Hozier’s ‘Eat Your Young’ is Decadent, and Dark

Tate Fonda, Contributing Writer

The Irish musician Andrew Hozier Byrne, or “Hozier,” has headlined his new EP with three words: “Eat Your Young.” The collection, which consists of three upbeat and lyrically rich tracks, was released on Saint Patrick’s day — and it’s true to his roots. Here, let’s break down each track, and give each its due time; in this project, Hozier keeps each song to under four minutes.

The title track, “Eat Your Young,” presents a lyrical tale which is seductive and horrific. Though these themes seem like different worlds, they commonly conjoin in Byrne’s music. “Eat Your Young” opens with a crying violin and stabilizing drums as Byrne trills a catchy melody. The dark verses are reminiscent of Byrne’s contribution to AMC’s “The Walking Dead” soundtrack, and his song “In a Week,” where he romanticizes bodily decomposition (a strange feat, at that). “Let me see the heat get to you,” sings Byrne, as he drags the story down to hellish depths. He sings of gluttony, or “puttin’ food on the table sellin’ bombs and guns,” to condemn the sin.  

 “All Things End,” is the second track on the EP. Byrne loves a catchy melody — but on “All Things End,” he indulges in the decadence of his deep, elegant voice. His patient, intentional vocals take the lead amidst a passionate choir and a simple piano line as he sings of conclusions. Whether it be the end of a relationship or a lifetime, we need not worry — “we begin again,” sings Byrne. As in these cyclical experiences, Byrne repeats the message of his affirming chorus: “Just knowing that everything will end won’t change our plans when we begin again.” A dramatic key change takes us to the song’s finish, which resounds with a religious, gospel-like sound.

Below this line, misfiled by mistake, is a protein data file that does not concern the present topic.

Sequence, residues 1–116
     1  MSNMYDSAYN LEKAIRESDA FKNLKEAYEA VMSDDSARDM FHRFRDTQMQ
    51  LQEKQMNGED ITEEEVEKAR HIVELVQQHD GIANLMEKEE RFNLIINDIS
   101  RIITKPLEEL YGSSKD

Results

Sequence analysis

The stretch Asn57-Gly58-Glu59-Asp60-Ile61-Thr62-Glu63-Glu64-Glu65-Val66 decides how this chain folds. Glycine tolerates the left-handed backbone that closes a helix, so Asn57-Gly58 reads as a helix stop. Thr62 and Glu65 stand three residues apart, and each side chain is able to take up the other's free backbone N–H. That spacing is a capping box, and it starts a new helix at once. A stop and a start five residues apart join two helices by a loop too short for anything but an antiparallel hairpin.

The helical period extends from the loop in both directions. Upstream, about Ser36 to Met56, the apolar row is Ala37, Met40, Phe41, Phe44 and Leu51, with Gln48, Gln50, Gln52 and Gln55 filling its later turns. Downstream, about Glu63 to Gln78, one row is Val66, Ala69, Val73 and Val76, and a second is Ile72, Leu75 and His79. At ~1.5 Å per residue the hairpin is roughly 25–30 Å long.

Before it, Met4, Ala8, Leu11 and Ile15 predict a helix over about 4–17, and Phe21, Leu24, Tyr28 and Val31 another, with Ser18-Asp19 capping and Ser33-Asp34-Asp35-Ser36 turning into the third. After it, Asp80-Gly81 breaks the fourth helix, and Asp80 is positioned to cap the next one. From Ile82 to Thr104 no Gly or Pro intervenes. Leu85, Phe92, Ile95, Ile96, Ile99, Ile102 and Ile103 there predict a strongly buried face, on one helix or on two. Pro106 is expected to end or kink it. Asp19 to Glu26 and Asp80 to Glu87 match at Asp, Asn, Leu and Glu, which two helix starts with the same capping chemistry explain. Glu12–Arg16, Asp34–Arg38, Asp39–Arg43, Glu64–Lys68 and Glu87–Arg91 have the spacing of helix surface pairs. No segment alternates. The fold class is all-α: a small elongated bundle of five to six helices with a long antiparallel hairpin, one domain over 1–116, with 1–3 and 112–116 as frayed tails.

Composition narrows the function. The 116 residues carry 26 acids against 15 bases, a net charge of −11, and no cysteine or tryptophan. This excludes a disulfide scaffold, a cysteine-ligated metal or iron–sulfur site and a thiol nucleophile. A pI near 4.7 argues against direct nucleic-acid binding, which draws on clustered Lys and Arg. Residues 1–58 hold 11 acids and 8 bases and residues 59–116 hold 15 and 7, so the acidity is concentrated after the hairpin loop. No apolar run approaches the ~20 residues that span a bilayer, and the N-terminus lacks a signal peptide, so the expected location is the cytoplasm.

Byrne’s Irish background trickles through the last track on the EP, “Through Me (The Flood), where he frames the story of the loss brought by the COVID-19 pandemic in the structure of a folk-tale. “Through Me” adds to the small bank of tracks where Byrne’s Irish accent is heard. His enunciation carries the opening, alliterative lines: “Picture a man / Seen like a speck out from the shore / Swimming out beyond the breakers / Like he’s done his life before.”

The stanza reads like a poem, and makes for a satisfying, rhyming listen. The track progresses beyond this imaginative story to detail the process of conquering loss. When it feels as if you’ve lost, remember your place, says Hozier: “the world, it flows through me.”

“Eat Your Young” presents an overall invigorating taste of the music fans missed from Hozier. His poem-to-lyric writing style comprises his lyrically rich discography, which is both intensified and enriched by this new addition.